14 CSR 11
Senate Bill No. 297
(By Senators Minard, Snyder, Prezioso,
Unger, Boley and K. Facemyer)
[Introduced January 27, 2011; referred to the Committee on Health and Human Resources; and then to the Committee on the Judiciary.]
A BILL to amend and reenact article 9, chapter 64 of the Code of West Virginia, 1931, as amended, relating to authorizing the Board of Optometry to promulgate a legislative rule relating to injectable pharmaceutical agents certificate.
Be it enacted by the Legislature of West Virginia:
That article 9, chapter 64 of the Code of West Virginia, 1931, as amended, be amended and reenacted to read as follows:
ARTICLE 9. AUTHORIZATION FOR MISCELLANEOUS AGENCIES AND BOARDS TO PROMULGATE LEGISLATIVE RULES.
§64-9-1. Board of Optometry.
The legislative rule filed in the state register on the thirtieth day of July, two thousand ten, authorized under the authority of section fifteen, article eight, chapter thirty, of this code, modified by the Board of Optometry to meet the objections of the Legislative Rule-Making Review Committee and refiled in the state register on the twenty-third day of December, two thousand ten, relating to the Board of Optometry (injectable pharmaceutical agents certificate, 14 CSR 11), is authorized with the following amendments:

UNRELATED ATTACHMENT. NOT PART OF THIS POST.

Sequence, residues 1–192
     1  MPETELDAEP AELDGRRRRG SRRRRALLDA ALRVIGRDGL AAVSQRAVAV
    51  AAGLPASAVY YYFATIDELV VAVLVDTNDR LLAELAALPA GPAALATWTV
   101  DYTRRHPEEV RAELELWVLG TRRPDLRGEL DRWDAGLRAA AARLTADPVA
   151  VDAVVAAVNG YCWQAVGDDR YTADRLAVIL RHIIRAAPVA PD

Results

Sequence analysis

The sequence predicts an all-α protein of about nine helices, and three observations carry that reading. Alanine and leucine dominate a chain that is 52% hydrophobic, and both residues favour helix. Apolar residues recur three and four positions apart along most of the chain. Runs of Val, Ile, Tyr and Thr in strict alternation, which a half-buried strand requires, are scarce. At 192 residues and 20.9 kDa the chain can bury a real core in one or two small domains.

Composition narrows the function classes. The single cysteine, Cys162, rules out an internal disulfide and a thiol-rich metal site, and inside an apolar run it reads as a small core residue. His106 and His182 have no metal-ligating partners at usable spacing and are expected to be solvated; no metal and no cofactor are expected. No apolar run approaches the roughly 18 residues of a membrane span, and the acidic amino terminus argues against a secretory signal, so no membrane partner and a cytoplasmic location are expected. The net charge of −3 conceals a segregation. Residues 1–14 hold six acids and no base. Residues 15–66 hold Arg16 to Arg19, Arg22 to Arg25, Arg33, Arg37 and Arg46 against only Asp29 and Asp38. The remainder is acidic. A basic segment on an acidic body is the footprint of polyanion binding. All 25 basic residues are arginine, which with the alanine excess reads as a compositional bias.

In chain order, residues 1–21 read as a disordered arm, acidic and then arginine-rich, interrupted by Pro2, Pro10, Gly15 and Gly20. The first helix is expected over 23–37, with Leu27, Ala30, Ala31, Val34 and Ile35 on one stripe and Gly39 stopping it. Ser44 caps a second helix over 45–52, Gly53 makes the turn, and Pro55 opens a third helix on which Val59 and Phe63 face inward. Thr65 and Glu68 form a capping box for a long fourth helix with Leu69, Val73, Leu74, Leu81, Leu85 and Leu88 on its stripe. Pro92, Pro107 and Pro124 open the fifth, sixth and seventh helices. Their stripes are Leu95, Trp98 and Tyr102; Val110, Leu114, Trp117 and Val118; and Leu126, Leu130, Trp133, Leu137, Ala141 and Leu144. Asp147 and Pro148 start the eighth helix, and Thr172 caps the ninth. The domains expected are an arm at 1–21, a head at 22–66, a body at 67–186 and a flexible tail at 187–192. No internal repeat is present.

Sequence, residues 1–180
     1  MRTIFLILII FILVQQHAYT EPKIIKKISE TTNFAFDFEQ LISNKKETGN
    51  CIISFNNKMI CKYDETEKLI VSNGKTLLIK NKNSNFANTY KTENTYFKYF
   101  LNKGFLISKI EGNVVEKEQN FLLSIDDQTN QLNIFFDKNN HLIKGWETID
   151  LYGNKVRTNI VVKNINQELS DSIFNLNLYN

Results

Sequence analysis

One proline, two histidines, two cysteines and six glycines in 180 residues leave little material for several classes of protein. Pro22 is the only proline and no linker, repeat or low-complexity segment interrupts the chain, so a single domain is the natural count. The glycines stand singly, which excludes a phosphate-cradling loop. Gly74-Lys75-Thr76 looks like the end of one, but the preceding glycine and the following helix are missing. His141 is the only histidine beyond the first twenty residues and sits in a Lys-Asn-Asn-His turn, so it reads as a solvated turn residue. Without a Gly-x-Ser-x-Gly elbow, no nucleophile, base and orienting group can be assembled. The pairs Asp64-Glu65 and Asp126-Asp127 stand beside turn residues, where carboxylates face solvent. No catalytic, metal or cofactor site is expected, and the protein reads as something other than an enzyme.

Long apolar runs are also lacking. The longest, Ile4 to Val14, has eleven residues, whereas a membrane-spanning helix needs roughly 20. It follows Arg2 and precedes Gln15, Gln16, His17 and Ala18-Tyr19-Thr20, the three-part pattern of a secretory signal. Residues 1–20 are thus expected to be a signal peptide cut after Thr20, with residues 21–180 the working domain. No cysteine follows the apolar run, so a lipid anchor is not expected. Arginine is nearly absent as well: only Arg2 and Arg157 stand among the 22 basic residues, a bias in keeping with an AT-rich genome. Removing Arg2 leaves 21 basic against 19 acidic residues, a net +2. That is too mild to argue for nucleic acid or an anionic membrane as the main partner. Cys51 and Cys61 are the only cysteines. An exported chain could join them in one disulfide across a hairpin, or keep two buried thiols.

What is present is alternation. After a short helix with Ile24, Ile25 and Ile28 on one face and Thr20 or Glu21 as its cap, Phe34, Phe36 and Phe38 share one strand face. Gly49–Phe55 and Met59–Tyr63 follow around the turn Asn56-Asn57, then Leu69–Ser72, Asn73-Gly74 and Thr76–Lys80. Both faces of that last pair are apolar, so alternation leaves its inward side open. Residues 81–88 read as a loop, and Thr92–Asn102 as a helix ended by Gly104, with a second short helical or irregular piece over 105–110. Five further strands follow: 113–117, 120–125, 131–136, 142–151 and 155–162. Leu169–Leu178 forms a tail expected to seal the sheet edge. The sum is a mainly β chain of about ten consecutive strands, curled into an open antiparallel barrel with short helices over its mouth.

On page two, by inserting a new subsection 5.6, to read as follows:
“5.6 The licensee must present proof of hands-on supervised clinical training of a minimum of twenty-five patients for each type of injection and each medication where the licensee actually gave injections to patients under supervision. A log book with dates, medications, route of injection, name of supervising doctor and patient identification by number for review by the Board.”;
On page five, by adding a new section eleven to read as follows: “§14-11-11. Restrictions.
11.1 A certificate holder may not establish a pharmacy in an optometric office or sell injectable pharmaceutical agents prescribed in treatment unless there is a licensed pharmacist on staff or present when the prescription is filled. Nothing in this rule shall prohibit the optometrist from charging a usual and customary fee for performing the injection.
11.2 A certificate holder may not inject any medication into a child under the age of 18.
11.3 An injection may not be given to a patient without consultation with the patient's osteopathic or allopathic physician in order to identify and minimize potential adverse reactions and drug interactions.
11.4 Retrobulbar and Periocular injections are prohibited.
11.5 A certificate holder may not inject any of the following drug categories:
11.5.1 Chemotherapy drugs;
11.5.2 Immunosuppressive drugs;
11.5.3 Intravenous steroids;
11.5.4 Intravenous dyes;
11.5.5 Controlled substances from Schedules II thru V;
11.5.6 Antivirals or Antifungal Agents;
11.5.7 Propofol (Diprivan);
11.5.8 Anesthesia drugs;
11.5.9 Edrophonium (Tensilon);
11.5.11 Insulin or Diabetic drugs;
11.5.12 Cardiovascular drugs;
11.5.13 Dermatologic fillers;
11.5.15. Seizure drugs;
11.5.18 Multiple Sclerosis drugs;
11.5.19 Blood thinners;
11.5.20 Flu shots;
11.5.21 Hepatitis Vaccines;
11.5.22 Pneumonia Vaccines;
11.5.23 Allergy drugs and testing.”.
NOTE: The purpose of this bill is to authorize the Board of Optometry to promulgate a legislative rule relating to Injectable Pharmaceutical Agents Certificates.
This section is new; therefore, strike-throughs and underscoring have been omitted.